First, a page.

PARIS -- On the occasion of President Obama's State of the Union address this week, marking five years since he was sworn into office with the stated primary objective of turning around the post-crisis domestic economy, it's worth asking: Is America safe from another economic crisis?
Despite the regulatory efforts hustled in as a result of public panic and a political class desperate to be seen doing something, the initial problems remain, and the next crisis could be even worse. Among the major problems: risky loans to those who can't repay them. Liberal advocacy groups such as Association of Community Organizations for Reform Now (ACORN), pushed lenders such as Fannie Mae and Freddie Mac to grant loans to borrowers who couldn't afford repayment.
The underlying problem still exists, and the new regulations are pure political theater.
"You can't repeal the laws of supply and demand or prevent financial crisis," says regulatory expert Donald Lamson, a partner at the law firm Shearman & Sterling. "Thus you'll always be tempted to save large institutions to prevent pain on a large scale."
The U.S. government continues its bureaucratic empire-building, venturing down the slippery slope of regulating everything from banks and insurers to, most recently, asset managers. And who's to say that it will stop there?
So what are the actual regulations to be imposed by the U.S. Federal Reserve on financial entities designated as systemically important and "too big to fail"? The Financial Stability Board (FSB), the international entity based in Basel, Switzerland, tasked by the leaders of G20 nations with establishing global post-crisis guidelines, is still trying to figure it out. Meanwhile, each (G20) country is supposed to diligently designate inmates for this regulatory gulag without knowing exactly what they'll be faced with, let alone whether any proposed regulations can pass a stress test. Just as we saw with the Kyoto Protocol climate-change provisions (before the U.S. came to its senses), America has been quick off the mark to voluntarily straitjacket its home team on the global playing field.
But if there are going to be useless regulations, it's only fair that everyone be subjected to the same uselessness -- and for the public to be able to see this riveting exercise in sadism and masochism. Sadly, that's not happening. At least the Federal Reserve's 2008 Troubled Asset Relief Program bailout process was transparently debated in Congress. That process has now been moved into the shadows.
A U.S. Treasury agency called the Financial Stability Oversight Council (FSOC), created by the Dodd-Frank Act, is tasked with designating "too big to fail" entities -- choosing who'll be subjected to inspections by government bureaucrats trying to justify their existence, plus new and still-undefined requirements related to capital, investments and liquidity. This all ensures that when the next crisis happens, the process will be so ineffectively Byzantine and unwieldy that no politician will want to take a lead role in untangling the mess.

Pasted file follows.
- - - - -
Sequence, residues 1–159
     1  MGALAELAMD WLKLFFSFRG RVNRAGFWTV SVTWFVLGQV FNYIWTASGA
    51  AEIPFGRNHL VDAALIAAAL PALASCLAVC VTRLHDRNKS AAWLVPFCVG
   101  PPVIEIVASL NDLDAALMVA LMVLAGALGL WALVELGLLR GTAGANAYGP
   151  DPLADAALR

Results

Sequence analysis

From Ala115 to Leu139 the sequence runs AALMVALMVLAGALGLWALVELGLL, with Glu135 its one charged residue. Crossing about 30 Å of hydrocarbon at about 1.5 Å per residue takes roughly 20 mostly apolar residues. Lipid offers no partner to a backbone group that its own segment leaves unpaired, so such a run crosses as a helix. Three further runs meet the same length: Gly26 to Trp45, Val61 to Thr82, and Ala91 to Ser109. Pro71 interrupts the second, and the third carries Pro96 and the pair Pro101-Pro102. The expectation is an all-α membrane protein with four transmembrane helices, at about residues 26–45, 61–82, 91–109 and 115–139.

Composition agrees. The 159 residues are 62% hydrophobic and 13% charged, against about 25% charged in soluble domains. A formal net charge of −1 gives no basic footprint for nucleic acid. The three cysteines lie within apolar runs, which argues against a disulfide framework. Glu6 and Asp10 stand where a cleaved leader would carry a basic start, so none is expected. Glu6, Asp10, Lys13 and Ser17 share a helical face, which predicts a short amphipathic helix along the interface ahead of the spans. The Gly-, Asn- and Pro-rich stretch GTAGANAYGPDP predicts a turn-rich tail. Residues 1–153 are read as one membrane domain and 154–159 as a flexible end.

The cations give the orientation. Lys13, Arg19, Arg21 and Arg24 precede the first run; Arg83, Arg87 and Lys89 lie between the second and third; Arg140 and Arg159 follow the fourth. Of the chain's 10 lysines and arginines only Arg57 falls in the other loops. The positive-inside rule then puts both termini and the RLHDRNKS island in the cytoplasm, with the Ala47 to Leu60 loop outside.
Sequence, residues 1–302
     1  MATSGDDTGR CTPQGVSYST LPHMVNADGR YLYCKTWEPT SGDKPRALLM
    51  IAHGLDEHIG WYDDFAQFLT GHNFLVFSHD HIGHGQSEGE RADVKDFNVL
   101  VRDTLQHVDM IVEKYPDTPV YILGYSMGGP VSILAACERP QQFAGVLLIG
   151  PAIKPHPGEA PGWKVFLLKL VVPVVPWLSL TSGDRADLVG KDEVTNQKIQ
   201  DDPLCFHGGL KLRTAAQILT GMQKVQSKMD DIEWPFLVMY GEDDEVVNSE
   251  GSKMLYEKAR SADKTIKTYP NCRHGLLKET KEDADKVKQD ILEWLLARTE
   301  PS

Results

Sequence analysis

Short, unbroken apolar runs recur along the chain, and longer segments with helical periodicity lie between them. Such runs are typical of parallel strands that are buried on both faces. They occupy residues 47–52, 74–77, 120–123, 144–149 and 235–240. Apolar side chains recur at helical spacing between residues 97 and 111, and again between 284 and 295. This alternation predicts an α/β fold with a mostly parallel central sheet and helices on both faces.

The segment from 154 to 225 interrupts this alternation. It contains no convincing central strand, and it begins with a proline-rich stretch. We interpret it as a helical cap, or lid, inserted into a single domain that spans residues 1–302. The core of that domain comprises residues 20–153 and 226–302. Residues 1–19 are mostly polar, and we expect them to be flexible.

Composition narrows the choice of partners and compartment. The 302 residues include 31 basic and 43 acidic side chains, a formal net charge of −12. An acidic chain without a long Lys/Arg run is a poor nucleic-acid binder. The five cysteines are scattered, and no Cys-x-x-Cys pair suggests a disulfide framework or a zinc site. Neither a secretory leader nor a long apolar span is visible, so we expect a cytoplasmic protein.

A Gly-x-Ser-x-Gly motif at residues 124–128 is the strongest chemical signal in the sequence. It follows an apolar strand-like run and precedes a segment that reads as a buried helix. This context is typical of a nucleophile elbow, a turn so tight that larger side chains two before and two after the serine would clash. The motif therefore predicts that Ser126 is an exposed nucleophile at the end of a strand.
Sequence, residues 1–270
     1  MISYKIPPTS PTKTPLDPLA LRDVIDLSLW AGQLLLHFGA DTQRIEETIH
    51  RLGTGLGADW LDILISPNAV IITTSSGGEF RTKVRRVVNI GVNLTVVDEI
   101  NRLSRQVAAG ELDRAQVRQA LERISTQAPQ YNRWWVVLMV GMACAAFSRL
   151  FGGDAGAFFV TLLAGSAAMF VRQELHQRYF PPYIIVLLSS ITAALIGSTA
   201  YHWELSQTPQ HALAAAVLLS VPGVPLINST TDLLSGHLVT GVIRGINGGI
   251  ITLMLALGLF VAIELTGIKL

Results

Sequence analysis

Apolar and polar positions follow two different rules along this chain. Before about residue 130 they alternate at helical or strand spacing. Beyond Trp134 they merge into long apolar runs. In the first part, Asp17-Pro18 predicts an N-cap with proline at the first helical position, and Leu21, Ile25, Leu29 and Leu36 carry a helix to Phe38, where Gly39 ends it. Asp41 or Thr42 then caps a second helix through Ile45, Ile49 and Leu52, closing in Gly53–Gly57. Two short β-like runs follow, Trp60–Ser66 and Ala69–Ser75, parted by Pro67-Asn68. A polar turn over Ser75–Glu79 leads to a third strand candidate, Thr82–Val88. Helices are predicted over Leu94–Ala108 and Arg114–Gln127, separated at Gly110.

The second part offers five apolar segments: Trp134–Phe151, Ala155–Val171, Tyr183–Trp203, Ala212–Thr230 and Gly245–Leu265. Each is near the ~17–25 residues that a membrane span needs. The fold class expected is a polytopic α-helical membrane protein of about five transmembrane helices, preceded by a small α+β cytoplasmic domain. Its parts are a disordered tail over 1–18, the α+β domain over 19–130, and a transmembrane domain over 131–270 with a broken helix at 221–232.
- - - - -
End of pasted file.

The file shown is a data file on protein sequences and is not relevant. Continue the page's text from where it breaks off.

The FSOC debates over these designations have become increasingly secretive, with the public portion of their meetings growing shorter, and any dissenting views reduced from multiple pages of argumentation in some cases to a mere few lines -- even when those dissenting views belong to the individuals with the most expertise in the subject under debate.
Chairing the FSOC subcommittee responsible for selecting the entities to undergo this designation process is 33-year-old Treasury hotshot Amias Gerety, the FSOC's deputy assistant secretary. Along with Daniel Tarullo, a committee chair at the Financial Stability Board and the Federal Reserve's informally designated lead governor for bank regulatory purposes, Gerety emerged from Obama's favorite think tank and talent pool: the George Soros-funded Center for American Progress.
Seemingly aware of the transparency problem, Gerety testified in writing last year to a congressional subcommittee that the FSOC had improved its website and access to council documents, and that it actively supports public collaboration. Then how about telling folks exactly how they might go about collaborating? And what about making the debates more transparent, too? What the public is keen to know is whether you folks are spitballing it -- as everyone else in this Kabuki theater production seems to be doing. In fact, this whole process really belongs in Congress among accountable elected representatives.
This month, for example, Bloomberg reported that FSOC regulators were getting around to considering Obama's favorite billionaire Warren Buffett's Berkshire Hathaway for the Federal Reserve regulatory gulag, given that it obviously meets the primary (and perhaps only truly discernible) designation factor in rulings thus far: asset size. Naturally, FSOC officially refused to discuss it.
One would think that as servants of the people, they'd feel less entitled to opacity while playing capitalist gods in selecting future winners and losers in our so-called free market.
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